This is not the first time that Starz's adaptation of Gabaldon's novels has attempted to soften some of the harsher edges of the author's description of non-white characters. Last year, Roberts explained to Buzzfeed some of the changes the program had made to the controversial non-white characters in season 3. In the same piece, Gabaldon herself, who identifies herself as a Hispanic half, vigorously defended part of the language and the attitudes in it. books. In Autumn drumsFor example, Jamie and Claire never stop calling their neighbors "wild". Instances like this, in Gabaldon's opinion, are meant to be a comment for both the Frasers and anything else:
Time travel stories offer writers many possibilities to socialize
comments, but very few books of this type comment on the
(always modern) traveler in time; it's very unilateral Mine kind of
they are not The main point here is that Claire is not (emphatically not)
"A modern woman." She was born in 1918 and became an adult on the eve.
of the Second World War. The point here is that Claire's attitudes and
The perceptions are those of a woman with her background, experiences and
perceptions They do not look much like the attitudes of an American
But the Starz adaptation does not always have room to thread the needle accurately. Compare Gabaldon's attempts to portray the appropriate intolerance for the period that Claire and Jamie could exhibit in their relationships with the black, native, and Asian characters with Jamie's speech to Governor Tryon at the beginning of this week's episode. When the Tryon disapproves of reports of the savagery Jamie might encounter along the Fraser Ridge, Jamie replies: "Savagery can exist in many ways, majesty … I have seen it both in the prince and in the beggar." . Speaking with Vulture, Heughan said he approved of the different version of the episode about Jamie's big fight, even though it deprived him of his "Revenant" moment. He calls the man-bear conflict "the beginning of the kind of understanding and mutual respect that Jamie has with Native Americans." This moment, really in their eyes certainly, gives them some respect for who he is and vice versa. "
Not all the attempts the program has made to deal with the treatment of the non-white population by white Americans have been well received. A two-week plot line of slavery, for example, attracted criticism for falling into a white savior trope, even as the program tried to confront the ramifications of Claire's well-intentioned but erroneous interference. Some stories particularly prone to controversy, such as one dealing with abortion among the slave population, have been eliminated from adaptation altogether.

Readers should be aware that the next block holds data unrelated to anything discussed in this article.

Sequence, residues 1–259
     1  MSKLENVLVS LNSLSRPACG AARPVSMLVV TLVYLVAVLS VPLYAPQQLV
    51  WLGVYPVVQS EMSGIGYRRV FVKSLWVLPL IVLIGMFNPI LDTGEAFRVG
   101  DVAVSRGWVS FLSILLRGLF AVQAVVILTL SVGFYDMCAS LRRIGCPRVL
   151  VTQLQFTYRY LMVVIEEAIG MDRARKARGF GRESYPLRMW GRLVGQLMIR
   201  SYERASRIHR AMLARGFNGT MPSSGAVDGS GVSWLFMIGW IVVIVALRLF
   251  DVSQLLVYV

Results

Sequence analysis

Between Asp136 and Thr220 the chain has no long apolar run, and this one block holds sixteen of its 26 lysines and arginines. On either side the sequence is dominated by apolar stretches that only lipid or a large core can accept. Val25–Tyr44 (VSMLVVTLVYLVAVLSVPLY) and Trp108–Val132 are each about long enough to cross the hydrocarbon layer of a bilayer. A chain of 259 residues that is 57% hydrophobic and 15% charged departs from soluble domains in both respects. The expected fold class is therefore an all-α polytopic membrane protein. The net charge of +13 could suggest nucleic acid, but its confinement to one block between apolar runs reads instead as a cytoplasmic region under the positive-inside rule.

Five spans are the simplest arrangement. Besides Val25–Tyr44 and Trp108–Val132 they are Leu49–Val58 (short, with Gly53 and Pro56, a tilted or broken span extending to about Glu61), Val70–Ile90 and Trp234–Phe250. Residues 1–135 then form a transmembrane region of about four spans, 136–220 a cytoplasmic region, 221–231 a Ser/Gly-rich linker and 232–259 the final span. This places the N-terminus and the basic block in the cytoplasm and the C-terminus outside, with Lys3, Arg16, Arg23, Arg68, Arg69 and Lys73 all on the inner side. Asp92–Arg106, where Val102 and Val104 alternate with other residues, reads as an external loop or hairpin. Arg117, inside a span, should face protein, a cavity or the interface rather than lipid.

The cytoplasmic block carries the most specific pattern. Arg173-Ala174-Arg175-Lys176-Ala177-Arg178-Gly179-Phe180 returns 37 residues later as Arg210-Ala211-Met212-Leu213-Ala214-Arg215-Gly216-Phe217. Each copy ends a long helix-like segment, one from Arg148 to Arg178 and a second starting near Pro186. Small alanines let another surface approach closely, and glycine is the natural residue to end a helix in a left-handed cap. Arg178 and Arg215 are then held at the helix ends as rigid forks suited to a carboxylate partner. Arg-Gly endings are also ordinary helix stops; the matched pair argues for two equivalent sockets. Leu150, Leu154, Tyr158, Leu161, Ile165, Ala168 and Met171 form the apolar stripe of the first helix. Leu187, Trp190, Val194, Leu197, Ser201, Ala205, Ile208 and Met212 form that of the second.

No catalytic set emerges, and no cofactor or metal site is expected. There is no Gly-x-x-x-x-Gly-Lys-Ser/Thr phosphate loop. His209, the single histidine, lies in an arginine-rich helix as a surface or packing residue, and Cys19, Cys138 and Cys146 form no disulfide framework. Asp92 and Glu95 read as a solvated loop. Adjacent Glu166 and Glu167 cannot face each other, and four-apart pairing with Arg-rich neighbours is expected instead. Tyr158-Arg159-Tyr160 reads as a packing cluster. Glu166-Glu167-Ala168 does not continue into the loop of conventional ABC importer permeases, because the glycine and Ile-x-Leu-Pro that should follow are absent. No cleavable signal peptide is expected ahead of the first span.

But even when he actively avoids the controversy, as in this week's Cherokee plot, stranger He is still making headlines. Actor Will Strongheart, who delivered this week's speech on how sexual assault is not in the Cherokee way, was convicted in 2010 of two counts of assault on his then-girlfriend Melanie Rope. In a statement to the CBC after a Facebook post by Rope went viral last April, Strongheart wrote: "I have addressed this many times in my social media accounts, letters / etc." I made public and personal apologies , I took responsibility for the negative actions I had done and I hoped that every time it was the end ".
When faced with Strongheart's casting on his Facebook page on Sunday, Gabaldon replied, "I have absolutely nothing to do with the casting, and sometimes they tell me in advance who is going to play a particular role, if they are important. and they want me to announce it here when the means of communication they have chosen breaks it, but not in any other way … Naturally I do not think it's good for this to have happened … On the other hand, I do not think it's reasonable to ask the people of production that investigates the background of each actor that they hire for a smaller part ".
According to Entertainment Weekly, Strongheart will only appear in two installments this season, including an important role in next week's episode titled "Savages."